Influenced by the feminism of the 60s and 70s, Miriam Cahn’s artistic practice deals with the materiality of the body. Her works are haunting and multi-layered at the same time. They explore the various meanings associated with our physicality, of rejection, vulnerability, and shame. Cahn treats figurative subjects with an abstract sensibility, using simple objects and motifs to speak about complex socio-political issues. Although she lives and works in a remote alpine region in Switzerland, Cahn’s work is very much connected to current events.
The development of Cahn’s practice relies heavily on her physical self, which informs her methods and use of media. Cahn’s large-scale charcoal drawings of the late 1970s and 1980s were created by working directly on the ground, often without artistic aids, bypassing any mediating distance between technique and object. Traces of this process, including fingerprints and other marks, are often visible in her works, linking the resulting image to the performative gesture.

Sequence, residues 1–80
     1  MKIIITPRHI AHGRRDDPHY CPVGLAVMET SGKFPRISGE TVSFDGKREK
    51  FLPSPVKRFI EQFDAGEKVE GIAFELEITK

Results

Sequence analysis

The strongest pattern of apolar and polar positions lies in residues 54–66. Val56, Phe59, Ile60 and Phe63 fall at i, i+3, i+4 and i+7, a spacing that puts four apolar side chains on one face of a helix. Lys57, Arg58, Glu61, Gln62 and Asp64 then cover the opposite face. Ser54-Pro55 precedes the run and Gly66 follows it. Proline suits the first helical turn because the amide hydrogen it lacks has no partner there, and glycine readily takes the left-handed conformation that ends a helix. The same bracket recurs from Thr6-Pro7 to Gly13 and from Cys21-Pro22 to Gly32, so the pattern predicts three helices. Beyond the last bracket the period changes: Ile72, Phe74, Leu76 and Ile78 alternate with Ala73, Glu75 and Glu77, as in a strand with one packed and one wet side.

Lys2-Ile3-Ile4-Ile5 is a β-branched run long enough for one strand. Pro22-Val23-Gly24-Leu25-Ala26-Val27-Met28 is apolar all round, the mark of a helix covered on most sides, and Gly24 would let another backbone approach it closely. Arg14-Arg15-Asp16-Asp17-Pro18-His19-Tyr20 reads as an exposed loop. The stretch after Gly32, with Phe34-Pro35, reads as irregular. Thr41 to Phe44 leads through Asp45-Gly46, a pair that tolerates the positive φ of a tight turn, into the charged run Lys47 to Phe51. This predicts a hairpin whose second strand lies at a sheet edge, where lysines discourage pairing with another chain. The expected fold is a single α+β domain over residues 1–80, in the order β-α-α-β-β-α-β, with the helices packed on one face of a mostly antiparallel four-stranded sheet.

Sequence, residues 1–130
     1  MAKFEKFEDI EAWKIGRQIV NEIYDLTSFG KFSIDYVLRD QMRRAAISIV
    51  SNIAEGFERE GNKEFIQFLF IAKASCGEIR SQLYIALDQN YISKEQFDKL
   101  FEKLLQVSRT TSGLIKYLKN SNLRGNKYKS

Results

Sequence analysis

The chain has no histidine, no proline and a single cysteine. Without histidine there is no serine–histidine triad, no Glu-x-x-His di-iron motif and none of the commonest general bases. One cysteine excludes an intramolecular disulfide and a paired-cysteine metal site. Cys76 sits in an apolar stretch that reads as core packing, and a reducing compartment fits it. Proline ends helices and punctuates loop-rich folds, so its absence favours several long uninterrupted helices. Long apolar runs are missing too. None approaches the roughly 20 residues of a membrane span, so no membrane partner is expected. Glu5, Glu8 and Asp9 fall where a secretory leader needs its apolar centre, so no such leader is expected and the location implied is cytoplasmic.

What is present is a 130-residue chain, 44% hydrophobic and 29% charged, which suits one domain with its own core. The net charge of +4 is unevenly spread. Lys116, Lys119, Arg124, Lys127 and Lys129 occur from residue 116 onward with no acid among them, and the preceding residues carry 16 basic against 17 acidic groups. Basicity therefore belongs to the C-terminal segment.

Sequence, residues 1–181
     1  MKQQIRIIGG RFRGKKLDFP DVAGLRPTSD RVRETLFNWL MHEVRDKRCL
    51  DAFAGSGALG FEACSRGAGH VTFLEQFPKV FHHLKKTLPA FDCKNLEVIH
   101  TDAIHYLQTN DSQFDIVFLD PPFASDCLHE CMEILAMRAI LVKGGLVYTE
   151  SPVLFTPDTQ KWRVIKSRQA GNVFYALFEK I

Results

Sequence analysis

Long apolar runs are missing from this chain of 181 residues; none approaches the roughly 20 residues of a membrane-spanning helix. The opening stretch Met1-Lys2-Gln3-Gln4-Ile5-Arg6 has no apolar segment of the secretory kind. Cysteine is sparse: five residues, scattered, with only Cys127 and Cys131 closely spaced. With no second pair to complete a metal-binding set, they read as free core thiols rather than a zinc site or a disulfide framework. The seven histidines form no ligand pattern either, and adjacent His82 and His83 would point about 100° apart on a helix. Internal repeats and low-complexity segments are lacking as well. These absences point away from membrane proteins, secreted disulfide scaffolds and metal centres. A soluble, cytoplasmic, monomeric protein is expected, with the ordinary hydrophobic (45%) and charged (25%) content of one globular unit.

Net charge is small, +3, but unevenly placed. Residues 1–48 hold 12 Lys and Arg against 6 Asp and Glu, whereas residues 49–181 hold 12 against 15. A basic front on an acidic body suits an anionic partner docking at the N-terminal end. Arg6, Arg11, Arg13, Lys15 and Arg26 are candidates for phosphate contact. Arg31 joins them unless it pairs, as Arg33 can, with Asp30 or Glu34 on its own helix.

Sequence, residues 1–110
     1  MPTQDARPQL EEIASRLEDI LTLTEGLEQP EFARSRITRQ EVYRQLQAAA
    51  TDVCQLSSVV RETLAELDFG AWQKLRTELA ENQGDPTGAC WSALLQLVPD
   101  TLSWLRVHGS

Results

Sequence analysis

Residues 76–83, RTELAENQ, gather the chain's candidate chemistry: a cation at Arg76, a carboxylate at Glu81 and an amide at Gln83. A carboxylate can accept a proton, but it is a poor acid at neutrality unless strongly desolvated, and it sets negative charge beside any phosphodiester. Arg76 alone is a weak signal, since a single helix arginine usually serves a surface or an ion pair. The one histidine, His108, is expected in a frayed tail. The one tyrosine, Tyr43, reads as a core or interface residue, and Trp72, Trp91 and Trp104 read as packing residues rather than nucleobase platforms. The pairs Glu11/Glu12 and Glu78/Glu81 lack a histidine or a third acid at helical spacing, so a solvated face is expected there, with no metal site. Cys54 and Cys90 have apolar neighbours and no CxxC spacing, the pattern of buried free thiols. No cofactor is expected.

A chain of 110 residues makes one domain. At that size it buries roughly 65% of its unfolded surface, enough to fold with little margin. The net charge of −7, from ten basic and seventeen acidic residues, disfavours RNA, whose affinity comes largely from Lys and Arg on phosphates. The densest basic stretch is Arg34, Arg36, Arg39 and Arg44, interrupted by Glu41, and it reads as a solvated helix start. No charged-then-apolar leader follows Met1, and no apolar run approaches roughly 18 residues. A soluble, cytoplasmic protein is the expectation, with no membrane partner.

In the 1990s, Cahn turned to oil painting and introduced color into her visual vocabulary as she observed the effectiveness of imagery in mass media and advertising. Of the logic of her inclusion of color, Cahn said, “The first oil paintings were, of course, elemental in their message, simply using three colors. For me, color was always a complication. And because I initially wanted to work in a very direct and physical way, I deliberately left out the colors so as not to slow them down with an intermediate step.
Extract from Frieze article BY JÖRG SCHELLER